"We've tried to make our coverage model appropriate by identifying the banks that need an intensive coverage against those that require a responsive, proactive and 'optimal' service level that does not typically involve daily or weekly dialogue," says Taylor. "So, as well as distinguishing our markets by geography, we're splitting them by the complexity of the relationships. We're not trying to deliver every kind of product to every kind of client."
Rather, the approach is nuanced, with services carefully tailored towards the client in question. Whereas many banks have lately focused on consolidating their product offerings and removing anything overly niche, Lloyds has enhanced its range. Having significantly boosted capability in several product areas, it is better equipped to deal with the variation in clients' needs.
"Some of the trading areas and products, such as securitisation and debt capital markets, are an integral part of the way we manage bank relationships nowadays, whereas ten to 15 years ago they simply were not," explains Taylor.
This is not to say that Lloyds is in any danger of venturing into the realm of the esoteric. Throughout the turbulence of recent times, conventional products have generally been the ones to suffer the least damage.
"This was one of the constants in the crisis," says Taylor. "We could rely on the revenues and flows of traditional correspondent banking payments and trade. Some of the pipeline from the more esoteric products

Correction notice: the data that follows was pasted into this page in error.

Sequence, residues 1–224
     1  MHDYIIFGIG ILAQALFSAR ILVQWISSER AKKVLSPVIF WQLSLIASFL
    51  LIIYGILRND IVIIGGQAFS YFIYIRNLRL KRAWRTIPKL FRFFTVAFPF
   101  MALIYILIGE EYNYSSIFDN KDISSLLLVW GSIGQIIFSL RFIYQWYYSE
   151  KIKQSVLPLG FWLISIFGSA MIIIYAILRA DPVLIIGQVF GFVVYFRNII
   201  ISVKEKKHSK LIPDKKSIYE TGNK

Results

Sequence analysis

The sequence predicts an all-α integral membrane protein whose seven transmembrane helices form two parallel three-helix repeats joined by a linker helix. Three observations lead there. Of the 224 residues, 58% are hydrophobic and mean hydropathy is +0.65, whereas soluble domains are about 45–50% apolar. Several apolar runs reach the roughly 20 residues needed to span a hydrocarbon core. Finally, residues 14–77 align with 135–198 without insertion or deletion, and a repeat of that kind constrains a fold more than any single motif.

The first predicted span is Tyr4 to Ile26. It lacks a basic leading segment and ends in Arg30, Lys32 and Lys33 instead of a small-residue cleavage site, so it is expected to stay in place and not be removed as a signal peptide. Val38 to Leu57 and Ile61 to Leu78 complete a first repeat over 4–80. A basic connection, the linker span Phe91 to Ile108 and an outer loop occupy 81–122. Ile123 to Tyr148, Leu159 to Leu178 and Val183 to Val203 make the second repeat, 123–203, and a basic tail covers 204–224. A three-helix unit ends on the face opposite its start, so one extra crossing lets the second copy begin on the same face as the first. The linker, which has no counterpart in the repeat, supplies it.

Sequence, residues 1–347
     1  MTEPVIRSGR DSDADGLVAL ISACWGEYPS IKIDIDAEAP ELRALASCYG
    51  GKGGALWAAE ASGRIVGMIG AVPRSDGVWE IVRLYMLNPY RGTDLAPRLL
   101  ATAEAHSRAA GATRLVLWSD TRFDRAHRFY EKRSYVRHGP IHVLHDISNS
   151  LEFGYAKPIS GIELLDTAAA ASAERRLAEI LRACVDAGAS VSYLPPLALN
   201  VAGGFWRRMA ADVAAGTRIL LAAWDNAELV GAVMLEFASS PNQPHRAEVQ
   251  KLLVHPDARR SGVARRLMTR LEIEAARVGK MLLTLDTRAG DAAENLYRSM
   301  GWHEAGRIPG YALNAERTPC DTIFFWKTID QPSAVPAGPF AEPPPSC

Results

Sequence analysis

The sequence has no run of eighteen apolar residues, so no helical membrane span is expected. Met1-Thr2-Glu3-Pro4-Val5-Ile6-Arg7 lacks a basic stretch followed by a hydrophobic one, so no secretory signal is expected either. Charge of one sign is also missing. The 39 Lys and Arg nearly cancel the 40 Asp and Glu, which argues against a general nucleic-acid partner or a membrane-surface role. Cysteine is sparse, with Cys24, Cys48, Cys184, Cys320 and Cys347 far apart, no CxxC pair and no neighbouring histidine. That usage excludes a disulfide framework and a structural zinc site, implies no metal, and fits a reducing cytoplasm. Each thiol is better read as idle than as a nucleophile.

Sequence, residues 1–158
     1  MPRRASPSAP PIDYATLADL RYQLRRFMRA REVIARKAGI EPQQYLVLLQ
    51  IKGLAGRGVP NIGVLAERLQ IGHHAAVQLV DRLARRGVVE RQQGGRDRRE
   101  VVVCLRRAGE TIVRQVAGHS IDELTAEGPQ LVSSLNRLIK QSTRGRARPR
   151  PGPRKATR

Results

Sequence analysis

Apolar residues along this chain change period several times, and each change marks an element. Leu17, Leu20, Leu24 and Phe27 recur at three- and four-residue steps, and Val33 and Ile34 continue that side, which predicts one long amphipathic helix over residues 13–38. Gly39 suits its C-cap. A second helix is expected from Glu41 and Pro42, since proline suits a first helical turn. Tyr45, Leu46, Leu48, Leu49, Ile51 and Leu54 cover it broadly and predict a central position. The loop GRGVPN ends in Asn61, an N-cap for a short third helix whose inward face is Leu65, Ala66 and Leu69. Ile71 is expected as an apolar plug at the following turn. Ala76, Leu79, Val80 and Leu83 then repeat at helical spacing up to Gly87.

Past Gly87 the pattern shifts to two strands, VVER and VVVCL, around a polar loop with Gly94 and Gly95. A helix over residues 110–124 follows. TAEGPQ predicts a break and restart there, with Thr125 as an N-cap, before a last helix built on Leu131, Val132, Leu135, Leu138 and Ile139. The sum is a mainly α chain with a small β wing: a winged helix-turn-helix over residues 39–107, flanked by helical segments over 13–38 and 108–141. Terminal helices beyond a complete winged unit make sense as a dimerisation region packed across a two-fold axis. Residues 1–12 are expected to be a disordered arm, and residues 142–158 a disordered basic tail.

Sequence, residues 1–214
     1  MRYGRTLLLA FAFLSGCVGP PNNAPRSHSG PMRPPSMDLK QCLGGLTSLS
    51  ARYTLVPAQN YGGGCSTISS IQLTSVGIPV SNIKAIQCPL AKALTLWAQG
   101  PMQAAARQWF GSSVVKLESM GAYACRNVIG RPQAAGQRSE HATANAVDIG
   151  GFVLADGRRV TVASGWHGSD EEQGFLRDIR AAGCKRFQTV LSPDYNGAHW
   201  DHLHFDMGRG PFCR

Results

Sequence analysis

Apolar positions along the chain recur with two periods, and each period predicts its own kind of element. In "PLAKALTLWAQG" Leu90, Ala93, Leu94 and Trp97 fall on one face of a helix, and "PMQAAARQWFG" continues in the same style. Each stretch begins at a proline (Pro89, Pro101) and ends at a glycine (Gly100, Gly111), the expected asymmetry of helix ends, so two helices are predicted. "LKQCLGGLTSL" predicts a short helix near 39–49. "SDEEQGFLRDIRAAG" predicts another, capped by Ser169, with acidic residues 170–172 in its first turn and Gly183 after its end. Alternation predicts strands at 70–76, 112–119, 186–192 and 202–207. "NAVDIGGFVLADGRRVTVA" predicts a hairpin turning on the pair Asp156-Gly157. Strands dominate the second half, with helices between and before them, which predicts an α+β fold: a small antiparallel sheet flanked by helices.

may have been affected a little bit more than the traditional annuity flows, which have proven to be core to the majority of relationships."
Transactional services are therefore one of the bedrocks of correspondent banking, with another promising area being foreign exchange (FX) and trading. Since income from fees plummeted, the importance of trading flows and revenues has proportionally played an ever greater role in boosting business.
Change for the better
Of course, as economic and regulatory factors continue to shift, correspondent banking is unlikely to remain the same. New initiatives, such as SEPA, have rendered the role of correspondent banking in flux and traditional means of making money from payment processing have been placed under considerable strain.
Nonetheless, while the current regulatory landscape is certainly challenging, it may equally be construed as an opportunity. The task is to adapt correspondent banking to this evolving climate, finding innovative ways to manage relationships and thus reduce risk. To this end, clients need a partner that is both highly attuned to market trends and capable of maintaining appropriate levels of security.
This entails staying abreast of new legislative requirements. In terms of SEPA, for example, Lloyds supports all the necessary payment instruments and formatting requirements. "Compliance with new regulations is at the heart of many IT developments in the payments sector," states Stockbridge. "Therefore, the principal aim of our new investment programme is to focus more closely on our clients' needs."
A firm people focus
Moreover, despite the fluctuations of the industry, Lloyds never deviates from its intensely service-focused approach. Having been in this business for over 30 years, it takes a highly people-intensive view of the market.
"We don't necessarily have the most straight-through systems, but what we do maintain is our people's expertise and a commitment to put our customers first," says Taylor. "When you're talking about exchanging payments with banks in 90 countries, there will inevitably be the occasional issue, and the way you service your clients is crucial."
Ultimately, this comes down to a question of trust and accountability: clients trust Lloyds to take responsibility and deliver high levels of client satisfaction. "We don't have a call centre mentality," stresses Stockbridge. "We work on the basis that clients have key contacts and should know who to call - as opposed to just joining a queue. Service is one of our key differentiators. This is something we hear on a regular basis from clients - we are extremely strong in this regard."